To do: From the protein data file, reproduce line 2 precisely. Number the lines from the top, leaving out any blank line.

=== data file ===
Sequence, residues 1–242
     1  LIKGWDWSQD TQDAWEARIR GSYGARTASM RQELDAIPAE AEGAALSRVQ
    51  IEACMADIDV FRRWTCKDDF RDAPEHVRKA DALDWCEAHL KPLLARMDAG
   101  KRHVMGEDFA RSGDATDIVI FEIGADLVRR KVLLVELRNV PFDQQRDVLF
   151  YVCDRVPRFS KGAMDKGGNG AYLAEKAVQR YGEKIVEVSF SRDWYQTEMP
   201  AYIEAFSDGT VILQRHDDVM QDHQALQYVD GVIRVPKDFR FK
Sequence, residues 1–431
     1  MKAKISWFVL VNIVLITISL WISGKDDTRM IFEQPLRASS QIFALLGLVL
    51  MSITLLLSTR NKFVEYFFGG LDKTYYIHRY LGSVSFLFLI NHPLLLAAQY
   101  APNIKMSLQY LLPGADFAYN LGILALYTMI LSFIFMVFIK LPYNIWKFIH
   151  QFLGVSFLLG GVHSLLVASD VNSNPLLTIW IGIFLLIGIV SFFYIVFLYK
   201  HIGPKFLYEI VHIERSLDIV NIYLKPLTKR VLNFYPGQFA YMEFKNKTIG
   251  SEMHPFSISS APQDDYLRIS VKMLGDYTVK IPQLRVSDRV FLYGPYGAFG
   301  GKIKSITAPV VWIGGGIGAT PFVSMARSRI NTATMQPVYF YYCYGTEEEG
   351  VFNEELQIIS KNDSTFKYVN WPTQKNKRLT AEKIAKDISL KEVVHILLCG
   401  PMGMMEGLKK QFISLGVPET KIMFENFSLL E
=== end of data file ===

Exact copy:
     1  LIKGWDWSQD TQDAWEARIR GSYGARTASM RQELDAIPAE AEGAALSRVQ